The Billboard Best Buy (1/15/55): JOHNNY ACE — DUKE 136....
Pledging My Love

The recent death of Ace gave added impetus to what would probably have been heavy first week sales in any case. It is spiraling upwards at dazzling speed, and is almost as popular with pop customers, as with r.&b. Flip is "No Money."

(NOTE: The Billboard dated 1/22/55 gave "Pledging My Love" a rating of 95 "tops"!)

Listen to "Pledging My Love" - Johnny Ace - Duke 136 - 1955 (Windows Media Player).




Pledging Their Support

Above: THE CASH BOX, March 26, 1955:
NEW YORK—As the late Johnny Ace's Duke recording of "Pledging My Love" heads up the charts, local record shops hop on the band wagon with huge display cards in their windows.
Viewing the promotion piece in front of the Colony record shop are (L-R) Sid Turk; Nappy Grossblatt, owner; Marty Block, manager; and Irv Marcus, national sales manager of Duke and Peacock Records.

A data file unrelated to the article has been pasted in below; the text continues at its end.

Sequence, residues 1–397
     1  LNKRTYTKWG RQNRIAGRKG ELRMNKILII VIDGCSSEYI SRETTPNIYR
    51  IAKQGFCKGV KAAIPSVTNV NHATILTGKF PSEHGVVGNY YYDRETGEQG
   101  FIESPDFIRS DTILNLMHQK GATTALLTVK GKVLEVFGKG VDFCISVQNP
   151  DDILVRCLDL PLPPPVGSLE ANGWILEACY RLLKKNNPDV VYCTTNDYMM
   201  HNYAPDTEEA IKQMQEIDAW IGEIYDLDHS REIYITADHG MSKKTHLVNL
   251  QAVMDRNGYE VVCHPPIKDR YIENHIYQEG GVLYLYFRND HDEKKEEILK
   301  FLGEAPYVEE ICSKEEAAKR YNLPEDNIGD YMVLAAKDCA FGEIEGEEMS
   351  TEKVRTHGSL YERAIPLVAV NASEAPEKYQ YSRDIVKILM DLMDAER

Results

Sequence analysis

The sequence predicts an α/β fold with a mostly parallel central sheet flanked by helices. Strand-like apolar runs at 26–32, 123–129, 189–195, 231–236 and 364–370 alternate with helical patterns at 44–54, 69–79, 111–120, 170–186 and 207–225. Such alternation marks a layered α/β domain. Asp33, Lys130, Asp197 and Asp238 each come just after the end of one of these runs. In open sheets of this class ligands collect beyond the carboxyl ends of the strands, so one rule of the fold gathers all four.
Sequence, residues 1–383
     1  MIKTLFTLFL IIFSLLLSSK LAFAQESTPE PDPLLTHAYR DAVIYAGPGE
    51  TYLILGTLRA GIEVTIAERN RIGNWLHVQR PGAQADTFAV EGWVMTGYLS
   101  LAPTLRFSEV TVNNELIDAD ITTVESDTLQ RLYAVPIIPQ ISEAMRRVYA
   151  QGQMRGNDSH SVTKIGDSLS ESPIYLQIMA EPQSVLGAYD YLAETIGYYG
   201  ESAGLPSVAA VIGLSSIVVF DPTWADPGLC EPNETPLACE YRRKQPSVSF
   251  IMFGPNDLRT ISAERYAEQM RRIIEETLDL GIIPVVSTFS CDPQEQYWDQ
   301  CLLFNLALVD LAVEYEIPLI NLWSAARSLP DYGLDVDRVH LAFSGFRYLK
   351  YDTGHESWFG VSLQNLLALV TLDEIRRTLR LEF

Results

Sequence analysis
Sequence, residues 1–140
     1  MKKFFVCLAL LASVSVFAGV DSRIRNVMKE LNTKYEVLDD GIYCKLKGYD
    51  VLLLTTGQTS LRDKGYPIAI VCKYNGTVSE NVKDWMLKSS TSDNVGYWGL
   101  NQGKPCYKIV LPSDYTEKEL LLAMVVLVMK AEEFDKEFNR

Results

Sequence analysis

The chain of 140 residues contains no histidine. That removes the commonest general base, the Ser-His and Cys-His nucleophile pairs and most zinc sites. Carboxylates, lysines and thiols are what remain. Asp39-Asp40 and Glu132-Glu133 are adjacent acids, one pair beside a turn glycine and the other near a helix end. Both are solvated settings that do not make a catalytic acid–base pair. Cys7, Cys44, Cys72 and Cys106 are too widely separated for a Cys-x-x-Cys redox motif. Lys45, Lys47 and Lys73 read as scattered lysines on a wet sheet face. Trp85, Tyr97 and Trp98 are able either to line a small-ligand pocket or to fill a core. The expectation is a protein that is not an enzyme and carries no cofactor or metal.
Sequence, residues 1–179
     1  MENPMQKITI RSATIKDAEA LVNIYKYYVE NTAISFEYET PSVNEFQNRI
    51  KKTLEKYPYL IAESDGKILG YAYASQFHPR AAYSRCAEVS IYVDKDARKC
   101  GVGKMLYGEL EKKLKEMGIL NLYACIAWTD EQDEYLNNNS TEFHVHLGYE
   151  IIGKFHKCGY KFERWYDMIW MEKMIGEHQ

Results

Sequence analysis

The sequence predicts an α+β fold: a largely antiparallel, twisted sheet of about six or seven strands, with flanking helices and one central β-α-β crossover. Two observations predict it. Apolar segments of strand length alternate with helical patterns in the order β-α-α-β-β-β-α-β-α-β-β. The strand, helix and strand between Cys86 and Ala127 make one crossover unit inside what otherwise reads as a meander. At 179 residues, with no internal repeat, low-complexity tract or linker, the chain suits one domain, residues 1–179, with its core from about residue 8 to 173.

Outside the Tin Pan Alley shop are Herb Goldsen, Sid Hechtman, Irv Marcus, and Gene St. John.

(NOTE: Interestingly, only one advertisement by Peacock/Duke for "Pledging My Love" could be found in either The Cash Box or The Billboard magazines.)


VINTAGE GROUP HARMONY SHOW—TRIBUTE TO JOHNNY ACE:

Listen to a radio show of Johnny Ace records using Windows Media Player:   Stream/Download

[To download the audio file, right-click on the "Download" link and then select "Save link (target) as..."]


THE UNTIMELY DEATH OF JOHNNY ACE: